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Philosopher Kings?The Adjudication of Conflicting Human Rights and Social Values$
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George C. Christie

Print publication date: 2011

Print ISBN-13: 9780195341157

Published to Oxford Scholarship Online: May 2011

DOI: 10.1093/acprof:oso/9780195341157.001.0001

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Litigation Involving a Conflict of Rights, Each of Equal Value

Litigation Involving a Conflict of Rights, Each of Equal Value

(p.51) 5 Litigation Involving a Conflict of Rights, Each of Equal Value
Philosopher Kings?

George C. Christie (Contributor Webpage)

Oxford University Press

An examination of the tension between the right of privacy and the right of freedom of expression is as timely and appropriate a choice as one could find in a study that seeks to understand whether the modern, enlarged concept of human rights can facilitate the judicial resolution of important and emotionally charged social conflicts in a way that produces results that both satisfy our sense of social justice and are compatible with the traditional view of the role of courts. In discussing conflicts between the rights protected under Article 8 and the rights guaranteed under Article 10 of the European Convention in disputes between private parties, one must begin by recognizing that all legal systems enforce some legal protection of what might be called privacy interests. The issue which is now being litigated in Europe is whether, in the name of justice or some other moral imperative captured by the notion of “a right,” a person can be restrained or even punished for publishing information that is not false and that has not been obtained unlawfully or under any actual or implied promise of confidentiality. This chapter discusses two judicial decisions, one by the European Court of Human Rights, the other by the House of Lords, both of which were rendered in 2004; these have become leading cases in this area of the law.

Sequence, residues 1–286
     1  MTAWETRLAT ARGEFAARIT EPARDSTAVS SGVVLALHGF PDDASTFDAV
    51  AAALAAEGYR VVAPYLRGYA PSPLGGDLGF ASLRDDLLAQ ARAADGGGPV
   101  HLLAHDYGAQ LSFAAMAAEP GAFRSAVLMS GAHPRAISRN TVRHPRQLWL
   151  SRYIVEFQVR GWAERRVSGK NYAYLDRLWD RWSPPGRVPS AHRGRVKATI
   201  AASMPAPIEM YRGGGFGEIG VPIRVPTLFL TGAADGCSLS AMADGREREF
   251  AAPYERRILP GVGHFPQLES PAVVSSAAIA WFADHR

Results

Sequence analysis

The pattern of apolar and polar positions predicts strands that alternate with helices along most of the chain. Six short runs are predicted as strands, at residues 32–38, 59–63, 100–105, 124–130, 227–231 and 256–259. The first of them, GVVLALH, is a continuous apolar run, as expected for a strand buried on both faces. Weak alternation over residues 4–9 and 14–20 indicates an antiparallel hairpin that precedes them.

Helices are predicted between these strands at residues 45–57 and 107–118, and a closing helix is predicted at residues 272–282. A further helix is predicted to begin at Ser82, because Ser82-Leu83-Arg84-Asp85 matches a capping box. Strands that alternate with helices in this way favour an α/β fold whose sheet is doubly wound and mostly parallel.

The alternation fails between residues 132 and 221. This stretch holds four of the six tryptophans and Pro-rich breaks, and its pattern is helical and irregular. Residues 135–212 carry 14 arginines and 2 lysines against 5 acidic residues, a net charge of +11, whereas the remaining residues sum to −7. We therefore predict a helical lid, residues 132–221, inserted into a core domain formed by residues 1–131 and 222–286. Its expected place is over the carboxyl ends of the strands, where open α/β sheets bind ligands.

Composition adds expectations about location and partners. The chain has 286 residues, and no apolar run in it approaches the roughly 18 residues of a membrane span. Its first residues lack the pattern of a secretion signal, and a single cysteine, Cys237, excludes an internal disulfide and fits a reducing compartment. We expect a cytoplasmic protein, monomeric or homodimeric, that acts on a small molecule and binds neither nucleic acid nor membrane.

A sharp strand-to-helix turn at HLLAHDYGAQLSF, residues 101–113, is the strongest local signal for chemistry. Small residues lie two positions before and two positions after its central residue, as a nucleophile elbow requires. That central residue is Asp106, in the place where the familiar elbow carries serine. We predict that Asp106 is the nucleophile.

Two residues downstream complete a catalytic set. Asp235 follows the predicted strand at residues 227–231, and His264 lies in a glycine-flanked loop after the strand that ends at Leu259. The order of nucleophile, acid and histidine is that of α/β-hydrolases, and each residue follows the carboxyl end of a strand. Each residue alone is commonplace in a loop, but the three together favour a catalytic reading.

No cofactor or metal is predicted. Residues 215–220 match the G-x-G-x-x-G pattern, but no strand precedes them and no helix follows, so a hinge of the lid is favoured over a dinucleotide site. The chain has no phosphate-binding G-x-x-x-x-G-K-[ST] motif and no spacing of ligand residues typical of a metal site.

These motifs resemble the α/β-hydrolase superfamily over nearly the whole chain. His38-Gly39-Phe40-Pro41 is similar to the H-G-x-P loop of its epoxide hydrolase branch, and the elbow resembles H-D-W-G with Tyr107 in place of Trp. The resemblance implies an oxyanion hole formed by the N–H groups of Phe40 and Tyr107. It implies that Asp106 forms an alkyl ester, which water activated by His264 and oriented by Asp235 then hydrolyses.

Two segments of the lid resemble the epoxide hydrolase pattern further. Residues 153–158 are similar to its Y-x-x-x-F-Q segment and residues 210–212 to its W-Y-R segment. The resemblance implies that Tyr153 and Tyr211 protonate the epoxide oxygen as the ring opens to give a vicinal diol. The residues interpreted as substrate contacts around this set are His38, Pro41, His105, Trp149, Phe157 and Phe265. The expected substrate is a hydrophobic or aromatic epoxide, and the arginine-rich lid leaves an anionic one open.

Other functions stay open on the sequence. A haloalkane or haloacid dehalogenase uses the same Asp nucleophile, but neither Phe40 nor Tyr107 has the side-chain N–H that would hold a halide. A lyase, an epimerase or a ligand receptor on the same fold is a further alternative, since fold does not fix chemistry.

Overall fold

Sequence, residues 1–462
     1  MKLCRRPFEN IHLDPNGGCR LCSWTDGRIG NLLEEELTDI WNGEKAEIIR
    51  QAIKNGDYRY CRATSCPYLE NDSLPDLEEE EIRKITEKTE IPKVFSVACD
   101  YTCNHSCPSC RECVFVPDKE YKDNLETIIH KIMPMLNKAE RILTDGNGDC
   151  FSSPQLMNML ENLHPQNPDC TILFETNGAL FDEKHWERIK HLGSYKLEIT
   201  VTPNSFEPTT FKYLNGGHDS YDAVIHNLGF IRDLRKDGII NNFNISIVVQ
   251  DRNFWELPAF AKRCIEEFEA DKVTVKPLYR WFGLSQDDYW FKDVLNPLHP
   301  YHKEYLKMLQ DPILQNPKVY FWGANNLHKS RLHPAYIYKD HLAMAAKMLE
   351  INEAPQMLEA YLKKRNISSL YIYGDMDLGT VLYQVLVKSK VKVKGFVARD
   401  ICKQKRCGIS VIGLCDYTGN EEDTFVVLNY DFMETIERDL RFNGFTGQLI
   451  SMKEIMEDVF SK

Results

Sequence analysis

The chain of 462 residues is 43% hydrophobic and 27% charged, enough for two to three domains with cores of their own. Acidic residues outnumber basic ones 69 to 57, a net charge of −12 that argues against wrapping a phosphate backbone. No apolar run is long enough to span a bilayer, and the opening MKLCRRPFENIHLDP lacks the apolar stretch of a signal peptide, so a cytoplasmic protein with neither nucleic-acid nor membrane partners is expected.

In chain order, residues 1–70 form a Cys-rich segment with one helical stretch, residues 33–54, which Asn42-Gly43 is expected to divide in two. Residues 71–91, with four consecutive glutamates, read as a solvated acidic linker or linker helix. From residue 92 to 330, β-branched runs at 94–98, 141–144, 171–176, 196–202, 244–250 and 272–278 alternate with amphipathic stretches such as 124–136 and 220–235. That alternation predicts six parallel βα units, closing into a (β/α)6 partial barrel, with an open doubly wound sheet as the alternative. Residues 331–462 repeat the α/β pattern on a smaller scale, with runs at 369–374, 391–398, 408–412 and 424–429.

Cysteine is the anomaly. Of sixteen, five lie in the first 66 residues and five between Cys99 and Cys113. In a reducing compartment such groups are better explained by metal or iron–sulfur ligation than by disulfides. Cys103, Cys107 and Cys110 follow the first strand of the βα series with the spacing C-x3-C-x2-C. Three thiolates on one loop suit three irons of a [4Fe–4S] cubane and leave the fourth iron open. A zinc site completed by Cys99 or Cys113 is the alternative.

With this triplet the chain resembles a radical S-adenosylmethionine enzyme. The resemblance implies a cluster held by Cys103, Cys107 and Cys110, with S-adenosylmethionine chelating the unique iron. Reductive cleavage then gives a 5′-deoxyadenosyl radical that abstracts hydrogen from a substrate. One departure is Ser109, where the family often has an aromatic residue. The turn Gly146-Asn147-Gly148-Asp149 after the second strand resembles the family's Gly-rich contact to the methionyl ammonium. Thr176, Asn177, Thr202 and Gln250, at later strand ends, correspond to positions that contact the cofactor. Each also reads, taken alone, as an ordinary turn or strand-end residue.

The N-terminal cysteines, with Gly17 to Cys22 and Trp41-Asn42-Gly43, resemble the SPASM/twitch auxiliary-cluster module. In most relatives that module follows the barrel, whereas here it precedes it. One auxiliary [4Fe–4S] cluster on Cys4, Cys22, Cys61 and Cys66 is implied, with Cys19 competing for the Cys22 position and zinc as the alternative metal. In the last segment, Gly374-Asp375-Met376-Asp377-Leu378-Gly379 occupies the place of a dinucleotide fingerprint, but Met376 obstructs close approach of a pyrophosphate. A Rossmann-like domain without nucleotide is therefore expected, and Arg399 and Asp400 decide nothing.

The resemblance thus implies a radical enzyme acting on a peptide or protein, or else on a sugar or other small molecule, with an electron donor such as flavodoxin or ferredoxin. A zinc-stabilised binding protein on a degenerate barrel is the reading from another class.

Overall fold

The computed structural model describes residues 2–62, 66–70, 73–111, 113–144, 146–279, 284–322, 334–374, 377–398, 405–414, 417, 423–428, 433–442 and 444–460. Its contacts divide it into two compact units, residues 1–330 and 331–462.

Keywords:   human rights, human rights law, right to privacy, right to freedom, European Court of Human Rights, House of Lords, European Convention

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